2. What Remains of Edith Finch
Giant Sparrow | April 25th, 2017 | Windows, PlayStation 4, Xbox One
Determining the cost and the weight of a human life is truly impossible. But like a lot of the creative output of our species, Giant Sparrow’s What Remains of Edith Finch takes another run at the impenetrable wall of mortality. It’s incredible just to bear witness. Edith’s adventure is similar in broad scope to Gone Home, the game that set the high water mark for first-person exploration. You’re a young girl who has come to an empty house looking for answers. But no one is coming back to give them.
Your entire family is dead and it’s your mission to sift through their lives. The house is intricately designed and begs for exploration. But, the real masterwork here is Giant Sparrow’s boldest move away from the tenets of the genre. Each family member’s death is a playable minigame with its own set of controls and rules that deepens the experience and puts you literally in the deceased’s shoes for a moment.
The quality and emotional resonance of each of these minigames is totally unique, immaculately constructed, and devastating. Dealing with death and grief in fiction means navigating a landmine of trite bullshit and meaningless aphorisms. I played in awe as Edith Finch made honoring each character’s life feel as natural as walking. I had to ignore the urge to pause and consider each story after its conclusion. The desire to see the game pull off the impossible again pushed me through at a gluttonous pace.
Your connection to the specifics here may vary, but I’d wager to say that if you’ve ever experienced grief you’ll find something here to touch and uplift you. My great aunt died earlier this year. She was the guiding light of our family and her absence has taken a huge toll. She loved to paint, just like Edie, the matriarch of the Finch family. When I got to Edie Finch’s room, it reminded me so much of my aunt’s that I couldn’t move or speak for minutes. I just sobbed. Eventually, I picked the controller back up and finished the game. It felt like a small piece of my grief had floated away, full of the understanding of a life well-lived and the inherent value in every human experience.
Supergiant Games | July 25th, 2017 | Windows, Mac, Linux, PlayStation 4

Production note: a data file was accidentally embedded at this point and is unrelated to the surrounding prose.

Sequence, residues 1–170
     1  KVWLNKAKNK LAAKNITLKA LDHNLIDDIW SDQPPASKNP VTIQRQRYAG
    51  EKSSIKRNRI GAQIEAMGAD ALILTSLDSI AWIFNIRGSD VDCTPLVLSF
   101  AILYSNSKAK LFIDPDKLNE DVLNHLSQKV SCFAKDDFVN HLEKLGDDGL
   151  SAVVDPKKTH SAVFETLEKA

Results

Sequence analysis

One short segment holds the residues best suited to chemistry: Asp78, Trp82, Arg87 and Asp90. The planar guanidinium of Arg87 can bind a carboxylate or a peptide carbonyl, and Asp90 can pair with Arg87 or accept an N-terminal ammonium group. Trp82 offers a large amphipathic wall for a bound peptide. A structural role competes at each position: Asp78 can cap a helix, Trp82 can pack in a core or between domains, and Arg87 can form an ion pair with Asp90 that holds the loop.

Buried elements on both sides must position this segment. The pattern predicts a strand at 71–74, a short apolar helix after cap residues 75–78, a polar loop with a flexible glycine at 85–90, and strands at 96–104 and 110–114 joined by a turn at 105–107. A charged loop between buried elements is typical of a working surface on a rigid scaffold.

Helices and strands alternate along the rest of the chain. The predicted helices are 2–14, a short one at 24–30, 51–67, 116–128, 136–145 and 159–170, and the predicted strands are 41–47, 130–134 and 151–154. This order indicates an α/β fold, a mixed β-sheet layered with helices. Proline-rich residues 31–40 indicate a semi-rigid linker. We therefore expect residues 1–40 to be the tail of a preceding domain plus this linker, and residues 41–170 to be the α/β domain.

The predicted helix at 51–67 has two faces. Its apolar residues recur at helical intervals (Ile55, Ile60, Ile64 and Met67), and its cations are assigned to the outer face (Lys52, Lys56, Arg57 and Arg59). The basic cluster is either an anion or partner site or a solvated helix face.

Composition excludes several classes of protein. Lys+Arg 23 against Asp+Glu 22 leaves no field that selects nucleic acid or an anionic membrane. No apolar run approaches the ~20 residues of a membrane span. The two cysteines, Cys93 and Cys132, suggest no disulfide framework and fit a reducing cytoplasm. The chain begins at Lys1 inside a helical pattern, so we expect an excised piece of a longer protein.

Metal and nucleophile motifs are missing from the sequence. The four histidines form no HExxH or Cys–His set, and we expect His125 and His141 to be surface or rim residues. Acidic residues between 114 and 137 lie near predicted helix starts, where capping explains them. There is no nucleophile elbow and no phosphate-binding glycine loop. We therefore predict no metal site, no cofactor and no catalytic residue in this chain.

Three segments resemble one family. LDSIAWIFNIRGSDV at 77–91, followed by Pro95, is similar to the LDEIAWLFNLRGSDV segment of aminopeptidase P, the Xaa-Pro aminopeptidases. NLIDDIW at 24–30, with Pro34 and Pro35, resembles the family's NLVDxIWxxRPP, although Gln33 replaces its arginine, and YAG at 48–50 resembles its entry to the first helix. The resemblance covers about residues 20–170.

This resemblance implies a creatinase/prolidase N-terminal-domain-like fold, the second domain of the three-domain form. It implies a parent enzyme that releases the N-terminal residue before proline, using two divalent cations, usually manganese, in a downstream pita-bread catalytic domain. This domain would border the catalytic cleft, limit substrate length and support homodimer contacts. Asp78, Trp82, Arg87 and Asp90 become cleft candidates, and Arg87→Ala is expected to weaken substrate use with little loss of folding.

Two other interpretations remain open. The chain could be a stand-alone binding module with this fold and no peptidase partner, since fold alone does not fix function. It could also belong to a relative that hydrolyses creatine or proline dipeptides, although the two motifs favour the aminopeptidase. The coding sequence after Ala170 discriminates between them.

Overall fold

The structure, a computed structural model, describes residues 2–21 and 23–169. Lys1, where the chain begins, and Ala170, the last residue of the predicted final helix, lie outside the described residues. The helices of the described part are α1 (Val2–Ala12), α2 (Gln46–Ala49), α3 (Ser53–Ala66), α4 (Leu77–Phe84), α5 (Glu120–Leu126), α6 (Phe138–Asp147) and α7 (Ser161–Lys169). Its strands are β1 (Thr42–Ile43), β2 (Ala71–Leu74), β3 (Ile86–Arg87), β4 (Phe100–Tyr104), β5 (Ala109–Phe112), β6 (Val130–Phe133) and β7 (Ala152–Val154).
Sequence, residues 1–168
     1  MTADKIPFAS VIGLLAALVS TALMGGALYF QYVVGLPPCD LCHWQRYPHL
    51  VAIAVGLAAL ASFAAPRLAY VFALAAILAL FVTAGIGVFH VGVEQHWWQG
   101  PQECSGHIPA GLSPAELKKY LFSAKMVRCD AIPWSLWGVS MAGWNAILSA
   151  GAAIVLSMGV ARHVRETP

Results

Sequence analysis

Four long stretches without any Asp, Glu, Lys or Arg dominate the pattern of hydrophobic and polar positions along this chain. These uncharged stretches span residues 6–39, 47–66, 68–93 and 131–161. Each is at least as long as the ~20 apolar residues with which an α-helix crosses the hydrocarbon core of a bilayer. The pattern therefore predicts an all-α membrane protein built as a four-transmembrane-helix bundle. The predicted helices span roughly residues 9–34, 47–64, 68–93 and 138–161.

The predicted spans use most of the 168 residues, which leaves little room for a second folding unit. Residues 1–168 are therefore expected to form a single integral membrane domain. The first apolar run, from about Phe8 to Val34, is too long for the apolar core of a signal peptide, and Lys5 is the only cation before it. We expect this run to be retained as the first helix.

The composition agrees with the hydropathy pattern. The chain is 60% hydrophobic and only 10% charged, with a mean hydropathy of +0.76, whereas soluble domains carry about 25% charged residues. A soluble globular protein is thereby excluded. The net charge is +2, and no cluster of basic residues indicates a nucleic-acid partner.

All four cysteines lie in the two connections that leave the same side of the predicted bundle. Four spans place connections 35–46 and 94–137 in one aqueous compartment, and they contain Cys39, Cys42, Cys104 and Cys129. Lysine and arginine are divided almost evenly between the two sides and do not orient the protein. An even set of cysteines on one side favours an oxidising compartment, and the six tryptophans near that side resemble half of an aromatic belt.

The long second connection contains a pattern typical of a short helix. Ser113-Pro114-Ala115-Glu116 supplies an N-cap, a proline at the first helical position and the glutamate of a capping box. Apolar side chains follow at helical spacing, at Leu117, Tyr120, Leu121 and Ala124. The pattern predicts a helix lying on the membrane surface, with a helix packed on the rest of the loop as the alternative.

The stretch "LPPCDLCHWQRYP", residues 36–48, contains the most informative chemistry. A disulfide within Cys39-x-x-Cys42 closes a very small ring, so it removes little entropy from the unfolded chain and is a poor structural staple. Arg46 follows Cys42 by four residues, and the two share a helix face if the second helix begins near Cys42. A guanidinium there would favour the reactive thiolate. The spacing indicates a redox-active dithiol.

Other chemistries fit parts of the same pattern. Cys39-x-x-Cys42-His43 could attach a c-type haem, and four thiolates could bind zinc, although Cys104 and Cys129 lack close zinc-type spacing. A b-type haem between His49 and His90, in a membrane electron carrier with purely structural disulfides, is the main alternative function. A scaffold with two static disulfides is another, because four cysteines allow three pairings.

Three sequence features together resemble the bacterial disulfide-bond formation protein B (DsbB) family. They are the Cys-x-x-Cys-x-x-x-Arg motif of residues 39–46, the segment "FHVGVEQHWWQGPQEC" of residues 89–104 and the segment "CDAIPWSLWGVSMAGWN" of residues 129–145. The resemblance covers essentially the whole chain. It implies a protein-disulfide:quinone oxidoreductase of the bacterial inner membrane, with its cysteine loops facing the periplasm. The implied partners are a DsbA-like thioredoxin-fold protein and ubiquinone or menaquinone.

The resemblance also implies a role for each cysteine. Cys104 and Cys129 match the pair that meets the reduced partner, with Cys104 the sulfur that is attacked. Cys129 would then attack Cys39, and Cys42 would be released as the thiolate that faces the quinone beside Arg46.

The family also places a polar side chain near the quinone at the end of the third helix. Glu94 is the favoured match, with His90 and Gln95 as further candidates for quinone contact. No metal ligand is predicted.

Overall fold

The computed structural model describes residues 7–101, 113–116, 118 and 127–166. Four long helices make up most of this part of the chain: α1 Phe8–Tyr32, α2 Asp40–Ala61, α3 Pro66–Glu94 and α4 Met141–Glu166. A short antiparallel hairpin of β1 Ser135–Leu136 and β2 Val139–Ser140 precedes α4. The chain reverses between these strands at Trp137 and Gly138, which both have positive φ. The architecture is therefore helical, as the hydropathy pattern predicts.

Pyre made me feel hopeful in a way that nothing else I played this year did. At its core, Pyre is about continuing to have hope against all odds. It’s a theme that richly resonates through the game at every level.
In Pyre, you’re essentially a manager of a fantasy sports team made up of people stuck in purgatory, exiled by a country in an endless war that has banned reading and any form of dissent. The world itself is a masterful piece of fiction that slowly builds and unfurls both narratively and visually as you travel across it. Every narrative twist felt earned and every bit of lore the game drips out was deliciously prepared with just the right amount of detail. The game walks the tightrope of giving you just enough information to understand the history of the world while not drowning you in page after page of sub stories and fantasy garbage.
You move your cast of characters towards freedom through a series of rituals that play like a mix of basketball and football, but mostly reminded me of the excellent arcade sports games of the 90s. The controls and objective are extremely simple. Just get your character to the other team’s fire and jump in it. But, there’s just enough stat adjusting and character type variation to keep things endlessly interesting.
To make things even more engaging, you’re often literally playing for your character’s freedom. The game does an excellent job of giving you time to get to know and appreciate everyone on your team through its compelling dialogue. So that, when you’re playing for them, the stakes feel so high that I was screaming at my computer every time the opposing team got one over on me.
To add to the drama, the game’s score and visual style are second to none. Supergiant Games has always had a good handle on a game’s tone, but this is the culmination of their talents. Darren Korb’s original songs are heartbreaking and perfect. The score goes all over the place from shrieking guitars to ballads to driving synth and it all just fits. I can’t stop listening to it even weeks after finishing the game. I’m actually listening to the Pyre soundtrack as I write this and getting emotional all over again.
Still, none of these excellent parts are specifically what makes this game magical. It’s the hopefulness at the core of the game that makes every moment gleam. I never felt as blindly hopeful about the future this year as I did when leading my ragtag group of persecuted failures through a storybook hell to their freedom from a fascist reality. In a year where I couldn’t find hope for myself or for the world, I found this game that generates it in an infinite loop.
Ben Morgan is a writer and game designer in Portland, Oregon.